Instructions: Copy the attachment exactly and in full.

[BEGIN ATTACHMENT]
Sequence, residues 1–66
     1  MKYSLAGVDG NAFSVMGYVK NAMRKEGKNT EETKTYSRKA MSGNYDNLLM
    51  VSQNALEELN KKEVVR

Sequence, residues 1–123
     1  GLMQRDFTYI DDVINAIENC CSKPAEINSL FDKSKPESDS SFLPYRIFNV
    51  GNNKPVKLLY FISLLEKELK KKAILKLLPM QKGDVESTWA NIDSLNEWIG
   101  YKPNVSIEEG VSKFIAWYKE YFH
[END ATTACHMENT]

Sequence, residues 1–66
     1  MKYSLAGVDG NAFSVMGYVK NAMRKEGKNT EETKTYSRKA MSGNYDNLLM
    51  VSQNALEELN KKEVVR

Sequence, residues 1–123
     1  GLMQRDFTYI DDVINAIENC CSKPAEINSL FDKSKPESDS SFLPYRIFNV
    51  GNNKPVKLLY FISLLEKELK KKAILKLLPM QKGDVESTWA NIDSLNEWIG
   101  YKPNVSIEEG VSKFIAWYKE YFH